The Rockets can be forgiven for not coming to terms on a contract extension with 23-year-old Clint Capela so far this offseason, but despite the fact that the franchise is undergoing a change in ownership, the deadline for locking in fourth year players looms.
While Capela has been regarded as a low-key game-changer for Houston ever since a strong showing in the 2015 postseason, the steady strides that he’s made ever since have put him firmly on the fringe of the mainstream hoops community’s radar.
In 65 games for the Rockets last season, including 59 starts, Capela averaged 12.6 points and 8.1 rebounds per game. Those are per-minute production rates on par with some of the best versatile big men in the game. That the 6’10” center did so while shooting a staggering 64.3% from the floor puts him in a class of his own.
Houston will welcome Chris Paul this fall, and it’s hard to imagine Capela’s offense will do anything but continue to expand, considering the legendary playmaker’s ability to work with athletic big men like Tyson Chandler and DeAndre Jordan.
Of course whether or not Capela has made a case for an extension is only half the battle. The team will need to justify spending the money, something that’s not necessarily a given considering that the Rockets can so easily obliterate the luxury tax line in the coming years if they’re not careful.
Per Kevin Pelton of ESPN (via ABC), Houston will presumably sign Paul to a max contract next summer. That, paired with James Harden‘s monster extension, will give the Rockets over $80MM in committed salary for their backcourt alone.
Throw in the fact that Houston will commit over $40MM to the trio of Ryan Anderson, Eric Gordon and P.J. Tucker through 2019/20 and it’s not hard to forecast major luxury tax bills in new owner Tilman Fertitta‘s future.
Pelton projects that Capela and fellow free agent-to-be Trevor Ariza could seek a combined $20MM in salary (a figure that Capela alone could draw, if you ask me) and suddenly Houston runs the risk of annihilating the luxury tax line by nearly $20MM come 2019/20.
The Rockets, of course, could choose to let Ariza walk in the hopes of the recently acquired Tucker filling the role of scrappy perimeter defender, but even that scenario is complicated by the fact that Ariza and Paul have a close enough friendship to have supposedly influenced the trade that brought Paul over from the Clippers in the first place.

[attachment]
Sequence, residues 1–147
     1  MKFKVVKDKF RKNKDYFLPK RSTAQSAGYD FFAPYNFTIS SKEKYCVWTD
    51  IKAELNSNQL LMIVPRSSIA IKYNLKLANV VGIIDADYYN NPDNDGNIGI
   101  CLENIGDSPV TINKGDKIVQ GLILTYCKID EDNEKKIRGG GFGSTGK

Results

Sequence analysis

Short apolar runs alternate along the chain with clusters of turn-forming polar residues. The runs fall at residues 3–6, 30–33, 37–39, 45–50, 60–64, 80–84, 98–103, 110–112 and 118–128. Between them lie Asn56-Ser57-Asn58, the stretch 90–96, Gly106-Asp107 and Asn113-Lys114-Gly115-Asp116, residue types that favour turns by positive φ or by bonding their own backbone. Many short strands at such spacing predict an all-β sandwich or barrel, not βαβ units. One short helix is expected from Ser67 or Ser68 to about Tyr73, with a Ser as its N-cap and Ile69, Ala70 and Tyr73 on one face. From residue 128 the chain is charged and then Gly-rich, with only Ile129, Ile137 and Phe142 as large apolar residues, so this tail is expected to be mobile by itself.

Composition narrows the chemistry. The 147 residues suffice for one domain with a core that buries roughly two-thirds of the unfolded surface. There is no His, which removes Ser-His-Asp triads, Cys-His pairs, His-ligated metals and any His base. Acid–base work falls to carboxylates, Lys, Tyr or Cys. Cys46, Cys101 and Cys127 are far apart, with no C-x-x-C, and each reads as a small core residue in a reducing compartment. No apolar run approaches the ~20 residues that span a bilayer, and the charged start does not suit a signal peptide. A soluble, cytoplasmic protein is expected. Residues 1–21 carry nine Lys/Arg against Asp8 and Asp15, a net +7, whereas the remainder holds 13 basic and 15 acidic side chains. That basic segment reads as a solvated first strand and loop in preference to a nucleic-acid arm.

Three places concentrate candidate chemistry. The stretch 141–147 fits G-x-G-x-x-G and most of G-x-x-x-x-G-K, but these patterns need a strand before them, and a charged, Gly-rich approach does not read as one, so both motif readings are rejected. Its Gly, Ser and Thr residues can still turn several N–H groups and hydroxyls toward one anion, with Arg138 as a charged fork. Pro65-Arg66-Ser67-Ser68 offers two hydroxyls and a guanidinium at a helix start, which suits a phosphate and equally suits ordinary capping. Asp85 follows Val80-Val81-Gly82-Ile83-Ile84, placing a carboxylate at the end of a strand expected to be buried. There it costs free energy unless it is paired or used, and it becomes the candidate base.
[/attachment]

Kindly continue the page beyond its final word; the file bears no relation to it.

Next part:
As Pelton suggests, the Rockets could make life considerably easier for themselves by finding a taker for the $60MM owed to Anderson through 2019/20. Doing so won’t be easy though.
If Houston has a plan in place, it’s not one that’s been broadcast at this point in the offseason. In May, we discussed a rather innocuous quote from general manager Daryl Morey suggesting that it would be “normal business” to discuss an extension, but all has been silent since.
If the Rockets choose to hold off on extending Capela, the big man would become a restricted free agent next summer. While the 2018 offseason is projected to be slightly tamer than the ones we’ve seen over the past two years, it’s hard to imagine Capela’s value going anywhere but up, relative to where it is currently.
Relative, however, is the operative term. Should the parties decide to go that route, Capela will look to compete with potential free agent centers like Joel Embiid, Jusuf Nurkic and Nerlens Noel, all promising anchors for teams looking to build youthful cores at a time when available cap room, a bountiful resource in 2016 and 2017, normalizes.
So sure, at the end of the day, the Rockets may be able to sit tight on Capela in hopes of retaining him at a lower rate via restricted free agency next summer but doing so would run the risk of letting a team like the Nets extend to him a poison pill offer sheet that Houston would be pressured to match, lest they let a significant part of their core walk just in time for the last few great years Paul will have left in the tank.
Perhaps the best bet for the Rockets when the dust settles from the ownership transition, then, is to square things away with Capela at a generous rate prior to the contract extension deadline on October 16 and then challenge Morey with the task of making the numbers work before Paul’s and Harden’s annual salaries start escalating dramatically after next season.
Regardless, just how the team handles the Capela contract could really shed light on Fertitta’s mentality with his new franchise. While it’s only my speculation, it seems logical enough to infer that an individual who just spent $2.2B on a sports franchise (well over the projected value) wouldn’t be opposed to shelling out extra luxury tax money to preserve one of the most talented cores of NBA players outside of the Bay Area.
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